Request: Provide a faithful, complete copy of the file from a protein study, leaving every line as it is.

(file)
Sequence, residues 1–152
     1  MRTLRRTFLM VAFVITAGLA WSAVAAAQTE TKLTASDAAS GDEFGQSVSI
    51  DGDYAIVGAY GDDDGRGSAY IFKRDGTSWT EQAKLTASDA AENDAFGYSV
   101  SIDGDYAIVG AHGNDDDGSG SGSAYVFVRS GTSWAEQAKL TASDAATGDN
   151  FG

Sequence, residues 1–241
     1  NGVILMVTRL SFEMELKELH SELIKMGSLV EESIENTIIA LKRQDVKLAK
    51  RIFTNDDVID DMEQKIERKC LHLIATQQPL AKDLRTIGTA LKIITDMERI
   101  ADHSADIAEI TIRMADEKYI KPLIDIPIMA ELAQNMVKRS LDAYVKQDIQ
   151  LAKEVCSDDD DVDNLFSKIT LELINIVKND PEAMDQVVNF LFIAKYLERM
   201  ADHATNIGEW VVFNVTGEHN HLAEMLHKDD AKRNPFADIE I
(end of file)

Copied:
Sequence, residues 1–152
     1  MRTLRRTFLM VAFVITAGLA WSAVAAAQTE TKLTASDAAS GDEFGQSVSI
    51  DGDYAIVGAY GDDDGRGSAY IFKRDGTSWT EQAKLTASDA AENDAFGYSV
   101  SIDGDYAIVG AHGNDDDGSG SGSAYVFVRS GTSWAEQAKL TASDAATGDN
   151  FG

Sequence, residues 1–241
     1  NGVILMVTRL SFEMELKELH SELIKMGSLV EESIENTIIA LKRQDVKLAK
    51  RIFTNDDVID DMEQKIERKC LHLIATQQPL AKDLRTIGTA LKIITDMERI
   101  ADHSADIAEI TIRMADEKYI KPLIDIPIMA ELAQNMVKRS LDAYVKQDIQ
   151  LAKEVCSDDD DVDNLFSKIT LELINIVKND PEAMDQVVNF LFIAKYLERM
   201  ADHATNIGEW VVFNVTGEHN HLAEMLHKDD AKRNPFADIE I